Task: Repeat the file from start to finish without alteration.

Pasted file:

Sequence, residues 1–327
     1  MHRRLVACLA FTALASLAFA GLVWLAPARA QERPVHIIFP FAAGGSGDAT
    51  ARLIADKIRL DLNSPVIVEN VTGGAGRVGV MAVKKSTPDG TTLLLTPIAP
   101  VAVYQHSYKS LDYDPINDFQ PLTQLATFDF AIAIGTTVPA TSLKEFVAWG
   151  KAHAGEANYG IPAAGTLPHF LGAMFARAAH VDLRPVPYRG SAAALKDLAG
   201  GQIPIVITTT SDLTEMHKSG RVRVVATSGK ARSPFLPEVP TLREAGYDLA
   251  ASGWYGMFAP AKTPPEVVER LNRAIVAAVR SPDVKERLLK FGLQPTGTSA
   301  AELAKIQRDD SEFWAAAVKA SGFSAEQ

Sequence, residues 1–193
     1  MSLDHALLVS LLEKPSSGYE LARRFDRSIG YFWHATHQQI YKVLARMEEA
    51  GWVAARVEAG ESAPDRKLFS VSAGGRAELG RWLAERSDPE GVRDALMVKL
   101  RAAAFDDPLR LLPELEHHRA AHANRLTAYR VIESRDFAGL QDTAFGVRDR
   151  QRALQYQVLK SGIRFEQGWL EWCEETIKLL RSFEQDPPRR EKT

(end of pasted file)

Sequence, residues 1–327
     1  MHRRLVACLA FTALASLAFA GLVWLAPARA QERPVHIIFP FAAGGSGDAT
    51  ARLIADKIRL DLNSPVIVEN VTGGAGRVGV MAVKKSTPDG TTLLLTPIAP
   101  VAVYQHSYKS LDYDPINDFQ PLTQLATFDF AIAIGTTVPA TSLKEFVAWG
   151  KAHAGEANYG IPAAGTLPHF LGAMFARAAH VDLRPVPYRG SAAALKDLAG
   201  GQIPIVITTT SDLTEMHKSG RVRVVATSGK ARSPFLPEVP TLREAGYDLA
   251  ASGWYGMFAP AKTPPEVVER LNRAIVAAVR SPDVKERLLK FGLQPTGTSA
   301  AELAKIQRDD SEFWAAAVKA SGFSAEQ

Sequence, residues 1–193
     1  MSLDHALLVS LLEKPSSGYE LARRFDRSIG YFWHATHQQI YKVLARMEEA
    51  GWVAARVEAG ESAPDRKLFS VSAGGRAELG RWLAERSDPE GVRDALMVKL
   101  RAAAFDDPLR LLPELEHHRA AHANRLTAYR VIESRDFAGL QDTAFGVRDR
   151  QRALQYQVLK SGIRFEQGWL EWCEETIKLL RSFEQDPPRR EKT